$$ P^T H P = D $$ $$\left( \begin{array}{rrr} 1 & 1 & 0 \\ - \frac{ 1 }{ 2 } & \frac{ 1 }{ 2 } & 0 \\ - \frac{ 3 }{ 5 } & 0 & 1 \\ \end{array} \right) \left( \begin{array}{rrr} 0 & 5 & 0 \\ 5 & 0 & 3 \\ 0 & 3 & 0 \\ \end{array} \right) \left( \begin{array}{rrr} 1 & - \frac{ 1 }{ 2 } & - \frac{ 3 }{ 5 } \\ 1 & \frac{ 1 }{ 2 } & 0 \\ 0 & 0 & 1 \\ \end{array} \right) = \left( \begin{array}{rrr} 10 & 0 & 0 \\ 0 & - \frac{ 5 }{ 2 } & 0 \\ 0 & 0 & 0 \\ \end{array} \right) $$ $$ Q^T D Q = H $$ $$\left( \begin{array}{rrr} \frac{ 1 }{ 2 } & - 1 & 0 \\ \frac{ 1 }{ 2 } & 1 & 0 \\ \frac{ 3 }{ 10 } & - \frac{ 3 }{ 5 } & 1 \\ \end{array} \right) \left( \begin{array}{rrr} 10 & 0 & 0 \\ 0 & - \frac{ 5 }{ 2 } & 0 \\ 0 & 0 & 0 \\ \end{array} \right) \left( \begin{array}{rrr} \frac{ 1 }{ 2 } & \frac{ 1 }{ 2 } & \frac{ 3 }{ 10 } \\ - 1 & 1 & - \frac{ 3 }{ 5 } \\ 0 & 0 & 1 \\ \end{array} \right) = \left( \begin{array}{rrr} 0 & 5 & 0 \\ 5 & 0 & 3 \\ 0 & 3 & 0 \\ \end{array} \right) $$

Algorithm discussed at http://math.stackexchange.com/questions/1388421/reference-for-linear-algebra-books-that-teach-reverse-hermite-method-for-symmetr
$$ H = \left( \begin{array}{rrr} 0 & 5 & 0 \\ 5 & 0 & 3 \\ 0 & 3 & 0 \\ \end{array} \right) $$ $$ D_0 = H $$

$$ E_j^T D_{j-1} E_j = D_j $$ $$ P_{j-1} E_j = P_j $$ $$ E_j^{-1} Q_{j-1} = Q_j $$ $$ P_j Q_j = Q_j P_j = I $$ $$ P_j^T H P_j = D_j $$ $$ Q_j^T D_j Q_j = H $$

$$ H = \left( \begin{array}{rrr} 0 & 5 & 0 \\ 5 & 0 & 3 \\ 0 & 3 & 0 \\ \end{array} \right) $$

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$$ E_{1} = \left( \begin{array}{rrr} 1 & 0 & 0 \\ 1 & 1 & 0 \\ 0 & 0 & 1 \\ \end{array} \right) $$ $$ P_{1} = \left( \begin{array}{rrr} 1 & 0 & 0 \\ 1 & 1 & 0 \\ 0 & 0 & 1 \\ \end{array} \right) , \; \; \; Q_{1} = \left( \begin{array}{rrr} 1 & 0 & 0 \\ - 1 & 1 & 0 \\ 0 & 0 & 1 \\ \end{array} \right) , \; \; \; D_{1} = \left( \begin{array}{rrr} 10 & 5 & 3 \\ 5 & 0 & 3 \\ 3 & 3 & 0 \\ \end{array} \right) $$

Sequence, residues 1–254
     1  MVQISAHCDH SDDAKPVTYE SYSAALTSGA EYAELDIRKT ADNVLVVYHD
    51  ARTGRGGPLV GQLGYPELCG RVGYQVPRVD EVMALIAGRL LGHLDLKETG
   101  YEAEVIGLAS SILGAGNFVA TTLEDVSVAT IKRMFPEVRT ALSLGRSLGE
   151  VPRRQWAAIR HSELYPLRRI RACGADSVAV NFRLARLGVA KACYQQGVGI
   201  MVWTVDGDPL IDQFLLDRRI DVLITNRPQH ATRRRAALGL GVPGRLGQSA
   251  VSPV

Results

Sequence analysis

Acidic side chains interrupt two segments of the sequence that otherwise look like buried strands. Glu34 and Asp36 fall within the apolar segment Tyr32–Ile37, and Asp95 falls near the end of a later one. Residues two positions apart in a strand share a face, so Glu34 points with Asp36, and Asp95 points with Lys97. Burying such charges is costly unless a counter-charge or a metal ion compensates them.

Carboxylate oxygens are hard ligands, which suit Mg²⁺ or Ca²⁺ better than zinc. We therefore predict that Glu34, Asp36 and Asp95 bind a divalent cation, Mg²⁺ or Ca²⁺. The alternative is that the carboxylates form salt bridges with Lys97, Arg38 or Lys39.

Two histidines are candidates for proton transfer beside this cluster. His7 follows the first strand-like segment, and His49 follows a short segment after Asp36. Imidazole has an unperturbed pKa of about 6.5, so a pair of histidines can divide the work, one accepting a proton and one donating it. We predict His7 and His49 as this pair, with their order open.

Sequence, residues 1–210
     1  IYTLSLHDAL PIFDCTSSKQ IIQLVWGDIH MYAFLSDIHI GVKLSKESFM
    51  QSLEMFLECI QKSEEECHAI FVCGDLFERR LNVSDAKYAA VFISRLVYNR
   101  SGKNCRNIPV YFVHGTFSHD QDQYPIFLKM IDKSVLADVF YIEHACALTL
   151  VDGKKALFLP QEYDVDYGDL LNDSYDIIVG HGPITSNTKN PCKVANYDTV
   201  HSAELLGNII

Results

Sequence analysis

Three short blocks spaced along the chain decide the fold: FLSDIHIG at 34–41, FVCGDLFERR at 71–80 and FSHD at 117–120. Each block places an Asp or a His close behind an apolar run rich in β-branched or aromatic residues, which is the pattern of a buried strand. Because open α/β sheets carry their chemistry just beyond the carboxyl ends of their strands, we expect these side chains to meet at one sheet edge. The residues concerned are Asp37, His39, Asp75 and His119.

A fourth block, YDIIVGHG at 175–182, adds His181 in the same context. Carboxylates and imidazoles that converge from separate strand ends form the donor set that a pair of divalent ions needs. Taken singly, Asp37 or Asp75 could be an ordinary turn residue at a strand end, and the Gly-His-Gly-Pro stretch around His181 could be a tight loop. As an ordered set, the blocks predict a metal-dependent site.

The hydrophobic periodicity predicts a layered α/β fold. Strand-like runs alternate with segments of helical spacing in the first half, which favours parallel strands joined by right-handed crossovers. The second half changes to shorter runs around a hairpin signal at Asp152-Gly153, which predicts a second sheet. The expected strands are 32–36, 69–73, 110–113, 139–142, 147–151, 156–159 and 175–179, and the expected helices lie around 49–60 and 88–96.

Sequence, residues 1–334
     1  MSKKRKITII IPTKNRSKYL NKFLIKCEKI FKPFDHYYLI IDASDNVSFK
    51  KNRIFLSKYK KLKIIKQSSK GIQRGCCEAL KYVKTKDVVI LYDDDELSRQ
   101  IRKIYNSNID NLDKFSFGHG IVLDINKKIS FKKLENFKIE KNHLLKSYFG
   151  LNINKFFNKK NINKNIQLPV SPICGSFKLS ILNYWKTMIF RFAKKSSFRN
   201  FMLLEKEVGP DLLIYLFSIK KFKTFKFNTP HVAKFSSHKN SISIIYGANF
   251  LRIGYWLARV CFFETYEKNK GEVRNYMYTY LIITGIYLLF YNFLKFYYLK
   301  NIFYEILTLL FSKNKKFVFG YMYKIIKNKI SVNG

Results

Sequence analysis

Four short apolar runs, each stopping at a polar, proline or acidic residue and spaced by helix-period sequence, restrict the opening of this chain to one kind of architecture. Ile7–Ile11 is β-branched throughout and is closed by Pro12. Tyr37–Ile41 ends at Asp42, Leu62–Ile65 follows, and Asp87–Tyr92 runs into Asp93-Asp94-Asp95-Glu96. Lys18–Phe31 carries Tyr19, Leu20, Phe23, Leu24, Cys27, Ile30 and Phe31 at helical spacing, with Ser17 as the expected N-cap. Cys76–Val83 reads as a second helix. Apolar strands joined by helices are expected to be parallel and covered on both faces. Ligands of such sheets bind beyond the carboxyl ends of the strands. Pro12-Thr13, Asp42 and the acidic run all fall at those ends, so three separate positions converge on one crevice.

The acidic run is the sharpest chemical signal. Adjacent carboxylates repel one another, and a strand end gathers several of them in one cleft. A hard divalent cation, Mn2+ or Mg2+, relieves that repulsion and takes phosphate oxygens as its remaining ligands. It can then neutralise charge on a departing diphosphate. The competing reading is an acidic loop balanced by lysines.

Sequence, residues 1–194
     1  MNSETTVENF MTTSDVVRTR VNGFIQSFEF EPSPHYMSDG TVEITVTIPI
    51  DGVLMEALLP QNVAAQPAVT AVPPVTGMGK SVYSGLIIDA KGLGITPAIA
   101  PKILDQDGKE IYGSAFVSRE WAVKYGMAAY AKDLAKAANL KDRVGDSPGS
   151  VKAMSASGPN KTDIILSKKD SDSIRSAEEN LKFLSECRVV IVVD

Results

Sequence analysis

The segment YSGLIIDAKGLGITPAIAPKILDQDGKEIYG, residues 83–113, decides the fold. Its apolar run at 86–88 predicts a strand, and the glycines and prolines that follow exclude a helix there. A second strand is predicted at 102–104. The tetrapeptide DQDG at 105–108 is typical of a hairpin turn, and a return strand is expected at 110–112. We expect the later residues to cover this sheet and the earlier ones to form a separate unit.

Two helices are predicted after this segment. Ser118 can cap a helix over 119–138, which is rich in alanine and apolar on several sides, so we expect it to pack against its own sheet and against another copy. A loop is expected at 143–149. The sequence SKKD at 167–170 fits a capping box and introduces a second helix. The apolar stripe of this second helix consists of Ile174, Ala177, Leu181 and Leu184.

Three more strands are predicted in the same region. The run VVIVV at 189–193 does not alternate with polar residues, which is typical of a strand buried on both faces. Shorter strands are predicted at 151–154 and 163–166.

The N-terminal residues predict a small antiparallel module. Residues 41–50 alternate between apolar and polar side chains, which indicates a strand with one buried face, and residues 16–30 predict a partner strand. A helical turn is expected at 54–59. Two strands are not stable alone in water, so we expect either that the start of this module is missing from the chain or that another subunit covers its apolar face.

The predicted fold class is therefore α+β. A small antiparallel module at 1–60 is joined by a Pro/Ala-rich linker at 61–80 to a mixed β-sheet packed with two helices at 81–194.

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$$ E_{2} = \left( \begin{array}{rrr} 1 & - \frac{ 1 }{ 2 } & 0 \\ 0 & 1 & 0 \\ 0 & 0 & 1 \\ \end{array} \right) $$ $$ P_{2} = \left( \begin{array}{rrr} 1 & - \frac{ 1 }{ 2 } & 0 \\ 1 & \frac{ 1 }{ 2 } & 0 \\ 0 & 0 & 1 \\ \end{array} \right) , \; \; \; Q_{2} = \left( \begin{array}{rrr} \frac{ 1 }{ 2 } & \frac{ 1 }{ 2 } & 0 \\ - 1 & 1 & 0 \\ 0 & 0 & 1 \\ \end{array} \right) , \; \; \; D_{2} = \left( \begin{array}{rrr} 10 & 0 & 3 \\ 0 & - \frac{ 5 }{ 2 } & \frac{ 3 }{ 2 } \\ 3 & \frac{ 3 }{ 2 } & 0 \\ \end{array} \right) $$

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$$ E_{3} = \left( \begin{array}{rrr} 1 & 0 & - \frac{ 3 }{ 10 } \\ 0 & 1 & 0 \\ 0 & 0 & 1 \\ \end{array} \right) $$ $$ P_{3} = \left( \begin{array}{rrr} 1 & - \frac{ 1 }{ 2 } & - \frac{ 3 }{ 10 } \\ 1 & \frac{ 1 }{ 2 } & - \frac{ 3 }{ 10 } \\ 0 & 0 & 1 \\ \end{array} \right) , \; \; \; Q_{3} = \left( \begin{array}{rrr} \frac{ 1 }{ 2 } & \frac{ 1 }{ 2 } & \frac{ 3 }{ 10 } \\ - 1 & 1 & 0 \\ 0 & 0 & 1 \\ \end{array} \right) , \; \; \; D_{3} = \left( \begin{array}{rrr} 10 & 0 & 0 \\ 0 & - \frac{ 5 }{ 2 } & \frac{ 3 }{ 2 } \\ 0 & \frac{ 3 }{ 2 } & - \frac{ 9 }{ 10 } \\ \end{array} \right) $$

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$$ E_{4} = \left( \begin{array}{rrr} 1 & 0 & 0 \\ 0 & 1 & \frac{ 3 }{ 5 } \\ 0 & 0 & 1 \\ \end{array} \right) $$ $$ P_{4} = \left( \begin{array}{rrr} 1 & - \frac{ 1 }{ 2 } & - \frac{ 3 }{ 5 } \\ 1 & \frac{ 1 }{ 2 } & 0 \\ 0 & 0 & 1 \\ \end{array} \right) , \; \; \; Q_{4} = \left( \begin{array}{rrr} \frac{ 1 }{ 2 } & \frac{ 1 }{ 2 } & \frac{ 3 }{ 10 } \\ - 1 & 1 & - \frac{ 3 }{ 5 } \\ 0 & 0 & 1 \\ \end{array} \right) , \; \; \; D_{4} = \left( \begin{array}{rrr} 10 & 0 & 0 \\ 0 & - \frac{ 5 }{ 2 } & 0 \\ 0 & 0 & 0 \\ \end{array} \right) $$

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$$ P^T H P = D $$ $$\left( \begin{array}{rrr} 1 & 1 & 0 \\ - \frac{ 1 }{ 2 } & \frac{ 1 }{ 2 } & 0 \\ - \frac{ 3 }{ 5 } & 0 & 1 \\ \end{array} \right) \left( \begin{array}{rrr} 0 & 5 & 0 \\ 5 & 0 & 3 \\ 0 & 3 & 0 \\ \end{array} \right) \left( \begin{array}{rrr} 1 & - \frac{ 1 }{ 2 } & - \frac{ 3 }{ 5 } \\ 1 & \frac{ 1 }{ 2 } & 0 \\ 0 & 0 & 1 \\ \end{array} \right) = \left( \begin{array}{rrr} 10 & 0 & 0 \\ 0 & - \frac{ 5 }{ 2 } & 0 \\ 0 & 0 & 0 \\ \end{array} \right) $$ $$ Q^T D Q = H $$ $$\left( \begin{array}{rrr} \frac{ 1 }{ 2 } & - 1 & 0 \\ \frac{ 1 }{ 2 } & 1 & 0 \\ \frac{ 3 }{ 10 } & - \frac{ 3 }{ 5 } & 1 \\ \end{array} \right) \left( \begin{array}{rrr} 10 & 0 & 0 \\ 0 & - \frac{ 5 }{ 2 } & 0 \\ 0 & 0 & 0 \\ \end{array} \right) \left( \begin{array}{rrr} \frac{ 1 }{ 2 } & \frac{ 1 }{ 2 } & \frac{ 3 }{ 10 } \\ - 1 & 1 & - \frac{ 3 }{ 5 } \\ 0 & 0 & 1 \\ \end{array} \right) = \left( \begin{array}{rrr} 0 & 5 & 0 \\ 5 & 0 & 3 \\ 0 & 3 & 0 \\ \end{array} \right) $$